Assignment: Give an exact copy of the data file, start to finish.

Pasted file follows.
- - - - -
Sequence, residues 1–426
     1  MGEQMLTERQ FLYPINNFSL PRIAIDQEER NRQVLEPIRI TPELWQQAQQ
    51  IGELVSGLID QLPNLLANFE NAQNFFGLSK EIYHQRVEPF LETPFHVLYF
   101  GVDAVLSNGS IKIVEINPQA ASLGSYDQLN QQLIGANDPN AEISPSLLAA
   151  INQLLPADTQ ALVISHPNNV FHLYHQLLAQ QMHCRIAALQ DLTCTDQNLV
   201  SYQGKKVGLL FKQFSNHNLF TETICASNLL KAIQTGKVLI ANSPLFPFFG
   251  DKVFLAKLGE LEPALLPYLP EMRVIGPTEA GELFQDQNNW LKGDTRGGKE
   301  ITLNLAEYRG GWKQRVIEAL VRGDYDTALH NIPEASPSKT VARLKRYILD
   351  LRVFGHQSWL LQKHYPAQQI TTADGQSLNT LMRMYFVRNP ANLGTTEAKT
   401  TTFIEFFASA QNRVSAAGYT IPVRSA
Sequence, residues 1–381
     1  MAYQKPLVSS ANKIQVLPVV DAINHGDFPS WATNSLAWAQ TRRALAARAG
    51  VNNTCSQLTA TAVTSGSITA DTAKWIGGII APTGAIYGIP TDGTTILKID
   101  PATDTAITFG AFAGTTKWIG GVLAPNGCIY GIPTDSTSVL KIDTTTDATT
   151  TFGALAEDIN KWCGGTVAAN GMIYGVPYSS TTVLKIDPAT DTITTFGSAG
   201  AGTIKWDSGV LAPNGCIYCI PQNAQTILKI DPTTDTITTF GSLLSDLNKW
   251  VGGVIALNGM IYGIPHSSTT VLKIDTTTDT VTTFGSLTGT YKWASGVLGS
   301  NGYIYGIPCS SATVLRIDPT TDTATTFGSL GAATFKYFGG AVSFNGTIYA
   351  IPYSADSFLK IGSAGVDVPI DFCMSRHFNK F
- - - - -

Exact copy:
Sequence, residues 1–426
     1  MGEQMLTERQ FLYPINNFSL PRIAIDQEER NRQVLEPIRI TPELWQQAQQ
    51  IGELVSGLID QLPNLLANFE NAQNFFGLSK EIYHQRVEPF LETPFHVLYF
   101  GVDAVLSNGS IKIVEINPQA ASLGSYDQLN QQLIGANDPN AEISPSLLAA
   151  INQLLPADTQ ALVISHPNNV FHLYHQLLAQ QMHCRIAALQ DLTCTDQNLV
   201  SYQGKKVGLL FKQFSNHNLF TETICASNLL KAIQTGKVLI ANSPLFPFFG
   251  DKVFLAKLGE LEPALLPYLP EMRVIGPTEA GELFQDQNNW LKGDTRGGKE
   301  ITLNLAEYRG GWKQRVIEAL VRGDYDTALH NIPEASPSKT VARLKRYILD
   351  LRVFGHQSWL LQKHYPAQQI TTADGQSLNT LMRMYFVRNP ANLGTTEAKT
   401  TTFIEFFASA QNRVSAAGYT IPVRSA
Sequence, residues 1–381
     1  MAYQKPLVSS ANKIQVLPVV DAINHGDFPS WATNSLAWAQ TRRALAARAG
    51  VNNTCSQLTA TAVTSGSITA DTAKWIGGII APTGAIYGIP TDGTTILKID
   101  PATDTAITFG AFAGTTKWIG GVLAPNGCIY GIPTDSTSVL KIDTTTDATT
   151  TFGALAEDIN KWCGGTVAAN GMIYGVPYSS TTVLKIDPAT DTITTFGSAG
   201  AGTIKWDSGV LAPNGCIYCI PQNAQTILKI DPTTDTITTF GSLLSDLNKW
   251  VGGVIALNGM IYGIPHSSTT VLKIDTTTDT VTTFGSLTGT YKWASGVLGS
   301  NGYIYGIPCS SATVLRIDPT TDTATTFGSL GAATFKYFGG AVSFNGTIYA
   351  IPYSADSFLK IGSAGVDVPI DFCMSRHFNK F